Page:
Putin has bet Russia’s entire economy on war. An expert says it’s his best shot at maintaining control of the country.

Russian President Vladimir Putin joins his hands as he holds a meeting

Russian President Vladimir Putin joins his hands as he holds a meeting of the Russia — Land of Opportunity platform supervisory board at the Catherine’s Hall of the Kremlin in Moscow on April 20, 2022.MIKHAIL TERESHCHENKO/Sputnik/AFP via Getty Images

  • Vladimir Putin bet his economy on a long war, ramping up military production and raising wages.

  • An expert told Insider keeping Russia’s economy stable is critical to prevent regime collapse.

  • But in so doing, Russia is “chewing up its future,” Professor Robert English, a USSR scholar, said.

Vladimir Putin has fully transitioned the Russian economy toward wartime production, betting his country’s financial and manufacturing systems can outlast the West’s until Russia sees a military victory in Ukraine.

As the Kremlin continues pumping money into its fragile but booming economy, an expert told Insider Putin’s grip on the financial levers of the country also serves to prevent civil unrest that could lead to his ouster.

Insider previously reported Putin has boosted his country’s production of military equipment and subsidized mortgages to keep the economy stable during the first year and a half of the war. In addition, the Russian state has responded to the inflated value of the ruble by raising pensions, salaries, and other benefits for people who are not well-off. At the same time, household consumption, real estate, and business activity have fallen in Russia since the invasion of Ukraine began.

Putin said Thursday the country will continue to increase its production of military equipment “not by some percent, but by several times,” indicating the Russian president is settling in for a long war, The Wall Street Journal reported, which some warn will have dire future effects.

“The longer the war lasts, the more addicted the economy will become to military spending, raising the risk of stagnation or even outright crisis once the conflict is over,” Vasily Astrov, an economist at the Vienna Institute for International Economic Studies, told the Journal.

Representatives for the Government of the Russian Federation did not immediately respond to a request for comment from Insider.

Russia’s economic strength as an indicator of unrest

While the long-term financial impacts of the war remain to be seen, an expert on Russia says keeping control of the economy now is Putin’s best bet at maintaining power and preventing the country’s elite and civilians alike from turning on him.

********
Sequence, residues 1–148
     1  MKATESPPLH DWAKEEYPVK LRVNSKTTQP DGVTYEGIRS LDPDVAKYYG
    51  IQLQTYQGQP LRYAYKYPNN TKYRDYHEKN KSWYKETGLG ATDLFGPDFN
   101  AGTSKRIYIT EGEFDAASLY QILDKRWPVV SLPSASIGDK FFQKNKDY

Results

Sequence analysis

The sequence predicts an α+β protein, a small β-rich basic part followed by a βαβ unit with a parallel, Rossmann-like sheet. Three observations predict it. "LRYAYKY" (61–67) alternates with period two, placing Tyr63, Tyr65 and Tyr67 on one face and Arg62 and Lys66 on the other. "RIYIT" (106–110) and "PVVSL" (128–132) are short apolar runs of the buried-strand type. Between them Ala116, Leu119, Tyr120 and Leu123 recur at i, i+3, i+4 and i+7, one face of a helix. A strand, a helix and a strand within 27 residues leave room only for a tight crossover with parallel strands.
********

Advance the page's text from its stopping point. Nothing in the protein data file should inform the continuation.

Professor Robert English, an associate professor of international relations at the University of Southern California, who specializes in foreign policy and defense analysis of Russia and the former USSR, told Insider he’s skeptical that mass disorder or protest will occur unless something “really significant” changes in the Russian economy — but then “all bets are off.”

“Putin is kind of an evil genius at having figured out how to keep his country sort of afloat and, I won’t say satisfied, but not so deeply dissatisfied that it does descend into rebellion, and so that the military losses are sustainable,” English told Insider. “But as far as social stability and socioeconomic unrest, their current state tells us that the status quo is sustainable. That sounds terrible because, of course, Russia is chewing up its future, but I would say that for another year or so the regime can hang on and keep the dissatisfaction down.”

As long as the country maintains some semblance of the status quo in the economy, English said he doesn’t expect to see things changing.

“If it gets much worse, if they lose huge chunks of territory, if the military is sent reeling backwards, if many more are dying, then all bets are off. Then a lot could change,” English said. “And it could change surprisingly quickly, as it always does. No one ever expects a coup or some kind of internal reshuffling right until it happens, and then in hindsight, it ‘oh it was inevitable.'”

Eventually, though, English said economic pain will make it impossible to keep civilians satisfied if they face a lack of essential supplies. Living standards will degrade, inflation will skyrocket, the value of the ruble will continue to drop — and “then it’ll get difficult” for Putin.

“Then we might see some Wildcat kind of action, spontaneous civilian outbursts,” English said. “We might see more emigration, more brain drain, all of that will suddenly start spiraling. Then, once it starts snowballing, it won’t stop.”

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